Quiz: what’s the task that’s on your list over and over, daily or weekly, that makes you groan every time you think about it? Maybe it’s keeping your time, filing expense reports, updating your LinkedIn contacts, or reviewing and paying invoices. Pick the one that nags at you the most, the one that feels like it’s always hanging over your head.
My “oh no, not this again” task is filing. Even in our electronic age, I produce and receive a ton of paper. Most of it gets scanned and then filed online, and accomplishing that is my most dreaded task that feels pointless yet necessary. (Even when I’m able to delegate that to an assistant, the task is still there in some way, since I need to indicate how the filing should be done.)
My first job after law school was clerking for a federal District Court judge, and that’s where my dislike of filing began. When I started, the senior clerk suggested taking Friday afternoons to update the case files, but I always wanted to crank out a little more “real” work to finish the week instead. Result? The senior clerk would face Monday morning with a clear desk and empty in-box, and I’d have a huge stack of papers and a feeling of dread. After all, Monday is definitely for “real” work. How and when to cram in the necessary but onerous task of filing?
Unfortunately, I didn’t master the task while I was clerking. I always played catch-up and hated it, but not enough to change my pattern. And then, while practicing, I figured it out: create an on-the-spot system to ensure that the necessary but annoying “non-work” tasks get done bit by bit, on a regular basis. For filing, that means that I now tack on an extra minute or two to scan and save documents after I do the “real” work. I rarely keep time now, but when I do, I keep a pad by my desk to make running notes and tally it up at the end of the day. It’s ongoing (just like the annoying tasks) but it makes the irritation easier to handle because things don’t pile up.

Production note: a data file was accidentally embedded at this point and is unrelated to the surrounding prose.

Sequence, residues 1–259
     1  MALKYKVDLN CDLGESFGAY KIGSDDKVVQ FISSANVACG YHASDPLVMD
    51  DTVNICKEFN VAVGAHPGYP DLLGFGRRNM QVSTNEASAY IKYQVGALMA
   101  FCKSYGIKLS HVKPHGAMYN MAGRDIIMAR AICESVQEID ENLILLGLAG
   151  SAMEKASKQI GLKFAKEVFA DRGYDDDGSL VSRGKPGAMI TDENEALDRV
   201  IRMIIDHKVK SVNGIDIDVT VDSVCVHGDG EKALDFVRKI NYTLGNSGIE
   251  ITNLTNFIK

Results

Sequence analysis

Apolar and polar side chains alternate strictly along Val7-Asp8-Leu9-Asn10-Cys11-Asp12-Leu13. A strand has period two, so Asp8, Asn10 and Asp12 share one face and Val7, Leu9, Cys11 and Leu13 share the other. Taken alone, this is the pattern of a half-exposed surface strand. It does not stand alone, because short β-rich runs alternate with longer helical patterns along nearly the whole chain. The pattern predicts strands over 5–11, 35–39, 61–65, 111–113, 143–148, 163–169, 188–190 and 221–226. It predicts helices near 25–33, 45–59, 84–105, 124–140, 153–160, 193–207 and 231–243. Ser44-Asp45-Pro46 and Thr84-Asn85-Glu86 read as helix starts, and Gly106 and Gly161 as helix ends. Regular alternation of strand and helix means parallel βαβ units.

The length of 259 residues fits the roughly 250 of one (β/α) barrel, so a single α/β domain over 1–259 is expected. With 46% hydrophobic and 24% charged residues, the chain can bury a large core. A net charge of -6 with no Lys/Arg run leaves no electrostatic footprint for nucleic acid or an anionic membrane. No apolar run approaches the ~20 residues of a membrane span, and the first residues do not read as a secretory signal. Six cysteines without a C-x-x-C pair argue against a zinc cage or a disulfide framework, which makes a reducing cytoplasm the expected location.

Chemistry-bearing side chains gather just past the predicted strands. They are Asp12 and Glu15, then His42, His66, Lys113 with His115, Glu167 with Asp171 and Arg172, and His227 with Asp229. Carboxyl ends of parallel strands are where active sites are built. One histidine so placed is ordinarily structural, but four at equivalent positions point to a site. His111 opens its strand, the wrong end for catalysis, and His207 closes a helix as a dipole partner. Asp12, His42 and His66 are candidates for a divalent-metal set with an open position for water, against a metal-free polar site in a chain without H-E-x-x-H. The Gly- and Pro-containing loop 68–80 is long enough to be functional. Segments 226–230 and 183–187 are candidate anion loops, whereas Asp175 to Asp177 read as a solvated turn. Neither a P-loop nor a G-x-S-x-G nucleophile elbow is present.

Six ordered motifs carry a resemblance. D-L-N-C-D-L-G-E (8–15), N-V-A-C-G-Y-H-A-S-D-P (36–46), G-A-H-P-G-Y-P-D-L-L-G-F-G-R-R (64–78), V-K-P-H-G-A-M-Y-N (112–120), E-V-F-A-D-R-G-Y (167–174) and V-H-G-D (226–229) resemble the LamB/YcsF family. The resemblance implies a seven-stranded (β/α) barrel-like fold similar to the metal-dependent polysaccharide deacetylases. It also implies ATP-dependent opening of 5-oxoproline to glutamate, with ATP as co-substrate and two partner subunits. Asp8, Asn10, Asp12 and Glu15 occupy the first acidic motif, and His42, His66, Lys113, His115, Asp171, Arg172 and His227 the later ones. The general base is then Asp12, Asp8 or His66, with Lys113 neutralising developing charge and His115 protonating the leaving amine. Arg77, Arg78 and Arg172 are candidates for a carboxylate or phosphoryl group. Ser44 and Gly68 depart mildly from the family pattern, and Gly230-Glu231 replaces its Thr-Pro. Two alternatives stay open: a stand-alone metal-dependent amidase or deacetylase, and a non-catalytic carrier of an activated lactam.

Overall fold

How do you spot “on-the-spot system” tasks, and how do you create the system? Seven steps.
- As you do your work, notice what “unthinking” tasks you do and dread over and over.
- Determine the central actions of the task. Is it scan paper, save file, recycle paper, as with filing? Is it categorizing receipts from a business trip?
- Determine how long that central action takes. Is it something that could be accomplished “in the moment” rather than piling a lot up to handle all at once? “In the moment” tasks are those than could be handled in one or two minutes, tops. (Filing correspondence, yes; writing it, no.) Is there a benefit to doing it all at once? If so, you need a system, but not an on-the-spot system.
- Set aside time to clear yourself of the backlog. Take an hour and respond to all of those LinkedIn requests or catch up on your billing. Finish the dreaded task. Notice the feeling of delight, and notice how quickly the next task of the same kind pops up.
- Create your in-the-moment system. Starting immediately, scan and file each paper as it comes in. Starting immediately, note your time as you work. Starting immediately, put your receipts for business trips in envelopes labeled by client or by trip. Whatever you do, begin it right away. Otherwise, your system is doomed before it begins.
- Do the task as it arises, every time it arises. Starting work? Note the time and task. Reviewing email (in your designated email review time, please) and see a LinkedIn request? Click accept, then send a “great to connect” message, delete the email, and move on. Whatever your task, do it without delay, and don’t let it mount up.
- When you slip (and you will) go back to step 4 and start over.
One you get accustomed to your system, you’ll find it much easier to handle the small pieces of that annoying recurring task as they pop up. You may even discover that someone else can help you and that tasks broken down to the central action are more delegable than you’d imagined.